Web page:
“After going to the hospital I was diagnosed with multiple Massive Pulmonary Embolisms in both lungs,” explained Sani of his nightmare experience. “About 70 per cent of my right lung and 30 per cent of my left lung was affected. I was told that if I had come to the hospital any later, I wouldn’t be here right now.”
Luckily, Pereira, Sorra and friend Dylan Devecseri, who were in Cyprus for the tournament as well, became regular visitors to the hospital, where Sani remained in ICU for four long weeks.
“Their support helped me remain sane,” confessed Sani, who lost 27 pounds and was incapable of even walking due to his extended stay in bed.
“When I returned from Cyprus, I was 165 pounds,” revealed Sani, who was back in the air a week later for his trip west to Edmonton. “Since then I have regained my weight and muscle mass and I am better than I have ever been before.”
Proof of his work and dedication came in the form of being named to the All-Rookie Team and the near gold at the Canadian finals, which included a win over UBC in the semi-finals.
“Beating UBC was a great feeling and I feel as though we came into this tournament with a chip on our shoulders allowing us to bring the best out of one another,” said Sani in reference to the team’s upset loss to UBC at the Canada West Universities Athletic Association playoffs.
“I am extremely honoured to have played beside the phenomenal fifth year athletes that I had the opportunity to learn from this year,” said Sani. “After an inconsistent season, they showed me the importance of never losing hope and that anything is possible. The fact that I was able to contribute in a major way in our National final match makes me extremely proud. Being named to the Canada West All-star team was very exciting for me and was honestly somewhat of a dream, due to my uphill road to recovery. I have not been sidelined at all due to my effort to remain an asset, rather than a liability, and I have traveled with the team to every game.”
Majoring in Physical Education and Recreation, the Scarborough native, who graduated from St. Michael’s College, is thankful for his time with the Pakmen.
“Joining Pakmen was the smartest decision in my club volleyball career,” said Sani. “Under the coaching of Orest Stanko and Karim Khalil, I found my skills becoming more refined and my weaknesses less apparent.”
Pakmen is also where he made some of his life-long friends.
“I stay in touch with a few of my Pakmen boys, namely Jordan Pereira and Jordan Figueira. Pereira and I usually converse about how we will spend our summer trying to figure out a balance between Junior national team tryouts and our beach volleyball partnership. Figueira and I usually reminisce about our final club year and how our first year of Varsity volleyball is going.”
Sani and Pereira had an opportunity to chat face-to-face at the recent USports national championships when Sani’s Golden Bears won silver and Pereira’s McMaster Marauders captured bronze.
“Winning bronze at the national championships was bittersweet,” reflected Pereira. “Our ultimate goal was to bring back the gold to Ontario, which hasn’t been done in a very long time. We had a very good quarter-final win versus Laval, where we were down 14-12 in the fifth set and managed to come back. From there we lost a very tough semi-final to (eventual winners) Trinity Western. They were a very good team and we had our chances to beat them, but we couldn’t close out the match.”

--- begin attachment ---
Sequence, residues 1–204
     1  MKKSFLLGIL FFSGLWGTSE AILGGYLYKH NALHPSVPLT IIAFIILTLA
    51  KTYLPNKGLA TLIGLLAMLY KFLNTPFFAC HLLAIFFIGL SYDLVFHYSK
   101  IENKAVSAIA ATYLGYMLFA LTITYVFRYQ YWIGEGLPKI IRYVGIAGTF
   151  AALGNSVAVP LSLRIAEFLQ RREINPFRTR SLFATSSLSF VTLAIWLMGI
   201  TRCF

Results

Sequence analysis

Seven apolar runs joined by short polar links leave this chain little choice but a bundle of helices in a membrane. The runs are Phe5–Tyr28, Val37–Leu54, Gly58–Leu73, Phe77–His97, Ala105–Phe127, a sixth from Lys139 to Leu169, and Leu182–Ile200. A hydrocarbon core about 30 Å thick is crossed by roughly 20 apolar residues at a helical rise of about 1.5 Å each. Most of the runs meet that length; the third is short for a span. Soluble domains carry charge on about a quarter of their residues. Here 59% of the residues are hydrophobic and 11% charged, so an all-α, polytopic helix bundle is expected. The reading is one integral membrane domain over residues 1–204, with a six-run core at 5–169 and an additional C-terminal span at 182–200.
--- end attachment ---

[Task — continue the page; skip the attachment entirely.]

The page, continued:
Still, Pereira truly enjoys the atmosphere at Hamilton’s McMaster and can’t wait to take to the court next year.
“I love it here at Mac. The guys on the team are all really good people, and they are very inclusive. We push each other to the limit every day at practice, and I believe we are the most hard working team. It has been a jump from the club level to the OUA. For one, we practice every day at McMaster, and on top of that we work out after practice. Sometimes at the club level you can take a couple of days off and rely on talent, but at the next level, if you take even one day off, you will face negative consequences.
“Being a student-athlete is much different than just going to school,” continued Pereira. “It is a tough balancing act between athletics, academics, and social life. A lot of times when your friends want to go out, you have to say no because it will interfere with your other commitments. It is a sacrifice that you have to make, but is definitely worth it. I have enjoyed my time very much here at Mac and have made many memories.”
Taking some time out from this year’s U18 Pakmen, coach Stanko expressed his delight in the accomplishments of last year’s Provincial champions.
“It’s especially gratifying that virtually all of the graduating athletes from last year’s 18U team are pursuing post-secondary school educations at either university or college, or have embarked on a potentially successful, professional volleyball career,” he said. “I believe it’s a reflection of the importance the club ascribes to both athletic and academic achievement.”
The following is a list of players on last year’s U18 Pakmen team, complete with this year’s locations, position, hometown and studies.
Jordan Figueira – University of Toronto Varsity Blues—Setter—Oakville—Commerce
Alex Reiner – University of Toronto—elected not to try-out for the volleyball team—Architecture
Andrew Smondulak—Waterloo Warriors—right side—Mississauga—Science and Business
Jonathan Reid—Queen’s Golden Gaels—outside hitter—Oakville—Arts and Science
Parvir Jhajj—Sheridan Bruins—left side—Mississauga—Business Administration-Human Resources
Sharone Vernon-Evans—Full-time member of National Team Training Centre in Gatineau
Taryq Sani—Alberta Golden Bears—outside hitter—Scarborough—Physical Education and Recreation
Jordan Pereira—McMaster Marauders—libero—St. Catharines—Business
Jakson Paterson—Guelph Gryphons—Middle—Toronto—Bio-Engineering
Malcolm Prentice—Queen’s Golden Gaels—middle—Oakville—Commerce
Tomas Sorra—Pakmen 18U—Setter—St. Michael’s College School
Xander Ketrzynski—Pakmen 18U—right side—York Mills Collegiate